There are around 19 languages and dialects spoken in this small Himalayan kingdom. Spoken by half a million Bhutanese people, Dzongkha is a Sino-Tibetan language. It was declared the national and official language of Bhutan in 1971. Besides Dzongkha, there are three other well-known languages named Tshanglakha, Lhotshamkha and Bumthangkha.


Ema datshi – chilies and cheese

If there is one national dish to eat when touring Bhutan, this is it. It’s so ubiquitous that some say if you haven’t eaten ema datshi, you haven’t been to Bhutan. The locals eat the stew, which is similar to a curry, daily along with red rice. It’s made of green, yellow or red chilies, yak or cow’s milk cheese, onions and tomatoes. Taste very carefully, though. The chilies of Bhutan are high up on the Scoville Heat Scale and are meant to make you warm enough to sweat.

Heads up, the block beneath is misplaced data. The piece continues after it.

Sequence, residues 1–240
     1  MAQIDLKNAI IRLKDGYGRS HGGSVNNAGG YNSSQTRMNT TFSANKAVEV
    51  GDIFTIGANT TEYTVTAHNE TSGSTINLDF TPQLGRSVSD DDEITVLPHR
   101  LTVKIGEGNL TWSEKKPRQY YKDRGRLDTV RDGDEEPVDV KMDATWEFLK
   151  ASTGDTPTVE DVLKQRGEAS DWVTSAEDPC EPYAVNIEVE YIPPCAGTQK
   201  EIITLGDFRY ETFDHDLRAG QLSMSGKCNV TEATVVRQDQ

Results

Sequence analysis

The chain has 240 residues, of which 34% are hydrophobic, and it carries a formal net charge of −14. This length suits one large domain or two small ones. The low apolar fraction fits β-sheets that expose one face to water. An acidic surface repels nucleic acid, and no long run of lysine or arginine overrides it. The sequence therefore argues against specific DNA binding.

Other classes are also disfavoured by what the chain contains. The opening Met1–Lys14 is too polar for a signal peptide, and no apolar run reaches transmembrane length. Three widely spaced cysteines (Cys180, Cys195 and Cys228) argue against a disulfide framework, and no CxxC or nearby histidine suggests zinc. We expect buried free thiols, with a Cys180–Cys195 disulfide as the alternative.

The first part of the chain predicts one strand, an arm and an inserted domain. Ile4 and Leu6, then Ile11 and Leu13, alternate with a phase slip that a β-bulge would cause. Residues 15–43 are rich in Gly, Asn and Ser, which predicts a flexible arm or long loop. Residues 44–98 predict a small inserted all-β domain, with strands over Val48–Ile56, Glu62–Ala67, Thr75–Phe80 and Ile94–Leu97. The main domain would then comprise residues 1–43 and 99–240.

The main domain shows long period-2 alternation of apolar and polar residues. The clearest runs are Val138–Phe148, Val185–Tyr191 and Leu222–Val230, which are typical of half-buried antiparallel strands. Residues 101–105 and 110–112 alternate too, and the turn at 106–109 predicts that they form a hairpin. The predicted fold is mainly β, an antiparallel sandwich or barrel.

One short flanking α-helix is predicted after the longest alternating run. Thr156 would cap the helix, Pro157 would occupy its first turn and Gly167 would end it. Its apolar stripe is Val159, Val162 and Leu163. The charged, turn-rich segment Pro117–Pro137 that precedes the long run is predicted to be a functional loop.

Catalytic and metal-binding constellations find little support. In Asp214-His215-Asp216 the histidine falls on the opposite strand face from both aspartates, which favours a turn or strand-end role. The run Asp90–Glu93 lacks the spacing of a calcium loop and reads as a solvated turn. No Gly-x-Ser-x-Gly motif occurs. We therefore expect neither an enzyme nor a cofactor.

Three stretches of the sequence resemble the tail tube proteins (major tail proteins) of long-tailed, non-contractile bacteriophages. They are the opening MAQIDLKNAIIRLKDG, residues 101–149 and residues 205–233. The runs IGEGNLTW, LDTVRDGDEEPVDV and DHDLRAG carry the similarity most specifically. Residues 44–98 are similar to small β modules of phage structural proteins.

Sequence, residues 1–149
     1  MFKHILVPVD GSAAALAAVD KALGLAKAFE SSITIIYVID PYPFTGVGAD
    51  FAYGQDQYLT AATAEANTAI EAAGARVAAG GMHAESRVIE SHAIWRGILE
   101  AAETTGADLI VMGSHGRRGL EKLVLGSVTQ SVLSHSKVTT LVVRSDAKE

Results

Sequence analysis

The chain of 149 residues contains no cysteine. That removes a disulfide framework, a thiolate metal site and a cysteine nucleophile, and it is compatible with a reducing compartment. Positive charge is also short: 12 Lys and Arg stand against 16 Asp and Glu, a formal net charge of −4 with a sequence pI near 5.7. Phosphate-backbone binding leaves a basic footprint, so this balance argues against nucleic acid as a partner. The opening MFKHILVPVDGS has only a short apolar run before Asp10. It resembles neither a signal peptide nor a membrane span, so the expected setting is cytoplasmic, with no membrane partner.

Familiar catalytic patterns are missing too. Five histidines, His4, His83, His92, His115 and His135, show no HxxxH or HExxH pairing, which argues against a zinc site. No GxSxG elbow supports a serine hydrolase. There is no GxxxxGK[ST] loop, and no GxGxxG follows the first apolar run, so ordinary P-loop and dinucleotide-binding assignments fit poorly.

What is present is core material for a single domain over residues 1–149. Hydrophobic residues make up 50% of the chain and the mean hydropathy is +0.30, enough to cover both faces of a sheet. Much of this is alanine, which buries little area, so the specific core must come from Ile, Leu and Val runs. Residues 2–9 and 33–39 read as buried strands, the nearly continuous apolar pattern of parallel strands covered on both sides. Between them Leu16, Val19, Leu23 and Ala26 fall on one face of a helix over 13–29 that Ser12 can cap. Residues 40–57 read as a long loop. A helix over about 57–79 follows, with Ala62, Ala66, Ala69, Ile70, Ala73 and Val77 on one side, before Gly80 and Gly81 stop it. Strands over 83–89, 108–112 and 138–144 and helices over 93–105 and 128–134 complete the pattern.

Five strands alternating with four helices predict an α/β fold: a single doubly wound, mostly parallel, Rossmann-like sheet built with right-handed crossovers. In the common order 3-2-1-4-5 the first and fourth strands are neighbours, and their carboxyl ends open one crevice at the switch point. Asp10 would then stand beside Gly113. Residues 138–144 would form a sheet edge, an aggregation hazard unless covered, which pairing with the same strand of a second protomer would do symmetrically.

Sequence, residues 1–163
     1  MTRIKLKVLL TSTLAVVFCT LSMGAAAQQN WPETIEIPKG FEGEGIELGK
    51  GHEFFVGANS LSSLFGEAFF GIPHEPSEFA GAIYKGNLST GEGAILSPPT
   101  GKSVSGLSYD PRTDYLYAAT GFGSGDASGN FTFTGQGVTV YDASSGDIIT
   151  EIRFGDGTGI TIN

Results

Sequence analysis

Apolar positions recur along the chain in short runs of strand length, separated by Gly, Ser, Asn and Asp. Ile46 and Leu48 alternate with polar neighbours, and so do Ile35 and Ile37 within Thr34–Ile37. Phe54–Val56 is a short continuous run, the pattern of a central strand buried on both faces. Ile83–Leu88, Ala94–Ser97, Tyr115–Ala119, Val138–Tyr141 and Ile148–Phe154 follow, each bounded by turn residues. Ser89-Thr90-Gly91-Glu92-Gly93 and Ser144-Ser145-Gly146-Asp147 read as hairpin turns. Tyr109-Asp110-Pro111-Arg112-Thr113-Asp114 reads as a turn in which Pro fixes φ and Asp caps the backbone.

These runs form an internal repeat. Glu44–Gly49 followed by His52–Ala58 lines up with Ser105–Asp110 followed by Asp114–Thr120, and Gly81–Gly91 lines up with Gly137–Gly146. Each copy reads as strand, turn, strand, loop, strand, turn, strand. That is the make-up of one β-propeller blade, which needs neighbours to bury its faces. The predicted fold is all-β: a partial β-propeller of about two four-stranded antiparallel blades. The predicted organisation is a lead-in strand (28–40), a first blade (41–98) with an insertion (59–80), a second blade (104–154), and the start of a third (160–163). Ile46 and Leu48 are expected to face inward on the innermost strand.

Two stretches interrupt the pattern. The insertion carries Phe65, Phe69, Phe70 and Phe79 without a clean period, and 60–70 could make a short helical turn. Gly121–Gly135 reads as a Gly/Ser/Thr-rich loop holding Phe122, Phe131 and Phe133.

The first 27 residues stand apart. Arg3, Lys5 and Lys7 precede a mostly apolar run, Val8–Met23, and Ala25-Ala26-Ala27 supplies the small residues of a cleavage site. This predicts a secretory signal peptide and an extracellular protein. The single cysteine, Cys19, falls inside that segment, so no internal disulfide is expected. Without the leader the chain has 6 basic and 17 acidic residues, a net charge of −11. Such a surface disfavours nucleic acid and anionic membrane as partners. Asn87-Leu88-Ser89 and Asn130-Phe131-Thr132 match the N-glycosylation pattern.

Jasha Maroo or Maru – spicy chicken

Although this mix of chilies, onion, tomato, garlic, coriander leaves and ginger is usually made with finely diced chicken, you will occasionally find it made with beef. Though often called a stew, there’s actually a hefty portion of liquid (chicken broth) in the finished dish. Like most Bhutanese food, it is served with red rice.

Momos – Dumplings

This is one food that Western travelers may have sampled, since the momo has immigrated to India and is quite similar to the Chinese dumpling. Throughout the Himalayas–from Nepal and Tibet to Bhutan– these steamed buns are eaten as treats. They may be stuffed with almost anything, but the typical fillings are minced pork or beef, cabbage, or fresh cheese mixed with spices such as garlic, ginger and coriander.